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Navel-Gazing Back in Vogue as Bond Traders Flock to Belly

Investors are so convinced nothing will happen in bonds this year that they’re now flocking to a part of the yield curve they’d been avoiding: the belly.

Notes maturing in five to 10 years were among the most-hated last year as investors yanked cash from traditional broad-market funds, favoring shorter-term notes that are less vulnerable to rising yields. Long-term bonds were also outperforming medium-term securities this year until recently as demand from pension funds overwhelmed supply.

Now, those core bond funds that were abandoned in 2013 are back in vogue. This year’s most-popular U.S. debt-focused exchange-traded fund is BlackRock Inc.’s iShares 7-10 Year Treasury Bond ETF, which has received $2.5 billion of inflows, according to data compiled by Bloomberg. Investors also have poured $2.3 billion into the Vanguard Total Bond Market fund, which focuses on a broad index of investment-grade debt, the second most of any fund in the category.

HSBC Holdings Plc strategists say investors should do more of the same because there’s no reason for interest rates to rise anytime soon with economists reducing forecasts for U.S. growth. Yields on benchmark Treasuries have dropped this year, confounding analysts’ expectations that they’d quickly rise as the Federal Reserve curtailed its monthly bond purchases.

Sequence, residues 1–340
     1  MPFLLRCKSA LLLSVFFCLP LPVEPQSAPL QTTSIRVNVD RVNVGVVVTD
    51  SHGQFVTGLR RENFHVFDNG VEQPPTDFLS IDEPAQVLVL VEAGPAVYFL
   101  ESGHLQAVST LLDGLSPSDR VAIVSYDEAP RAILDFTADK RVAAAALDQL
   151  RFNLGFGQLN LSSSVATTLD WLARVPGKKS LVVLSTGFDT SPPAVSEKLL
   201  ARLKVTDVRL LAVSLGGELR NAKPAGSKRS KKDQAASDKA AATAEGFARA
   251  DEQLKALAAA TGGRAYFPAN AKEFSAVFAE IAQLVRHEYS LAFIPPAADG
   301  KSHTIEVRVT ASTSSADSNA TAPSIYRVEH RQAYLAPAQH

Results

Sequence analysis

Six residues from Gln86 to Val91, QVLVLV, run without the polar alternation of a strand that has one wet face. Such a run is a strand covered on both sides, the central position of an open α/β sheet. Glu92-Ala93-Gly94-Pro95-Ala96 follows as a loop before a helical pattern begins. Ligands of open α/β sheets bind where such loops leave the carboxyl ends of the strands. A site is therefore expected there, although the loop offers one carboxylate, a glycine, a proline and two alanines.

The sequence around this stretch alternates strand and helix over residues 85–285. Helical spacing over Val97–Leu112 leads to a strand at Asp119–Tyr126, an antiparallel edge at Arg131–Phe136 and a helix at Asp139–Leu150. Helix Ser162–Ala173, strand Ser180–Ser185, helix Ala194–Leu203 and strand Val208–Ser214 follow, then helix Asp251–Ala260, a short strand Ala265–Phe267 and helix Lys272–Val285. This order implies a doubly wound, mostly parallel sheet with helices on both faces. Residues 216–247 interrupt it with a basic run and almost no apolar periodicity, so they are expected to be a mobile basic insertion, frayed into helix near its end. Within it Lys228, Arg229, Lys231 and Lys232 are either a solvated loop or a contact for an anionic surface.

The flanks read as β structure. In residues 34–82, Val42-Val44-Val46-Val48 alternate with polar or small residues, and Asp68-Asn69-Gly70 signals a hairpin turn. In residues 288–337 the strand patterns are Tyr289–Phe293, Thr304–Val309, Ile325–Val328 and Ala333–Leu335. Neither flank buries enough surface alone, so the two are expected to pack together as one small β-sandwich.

Yield Spread

“We further reduce risk by increasing our allocation to fixed income,” HSBC analysts wrote in a June 22 report in which they recommended boosting allocations to U.S. Treasuries maturing in seven to 10 years. “Cash may be king, but fixed income rules.”

Yields between five-to-ten year debt and securities maturing in one-to-three years are collapsing. The gap has shrunk to 2.12 percentage points from 2.52 percentage points in December, which was the most in more than two years, according to Bank of America Merrill Lynch index data. The spread fell to as low as 2.06 percentage points on May 28.

The belly has also been performing in line with the long end, with both gaining a little more than 1 percent since April, Bank of America Merrill Lynch index data show. For all of 2014, five-to-10 year debt has returned 4.1 percent versus 10.6 percent for bonds maturing in 15 years or more.

With volatility plunging to historic lows and Fed Chair Janet Yellen saying last week that she expects rates to stay low for an extended period of time, investors have been growing more comfortable with plain-vanilla bonds. Economists have lowered their predictions for 10-year Treasury yields to 3.07 percent at year-end from a May forecast of 3.25 percent, according to a Bloomberg survey this month.

Without an unexpected jolt to the economy, “we currently see few reasons to load up on risk,” the HSBC strategists wrote.

While other products, like non-traditional bond funds that can go anywhere in the world have also been gaining favor, flows into medium-term bonds show that many investors want to return to the basics. The belly is back.

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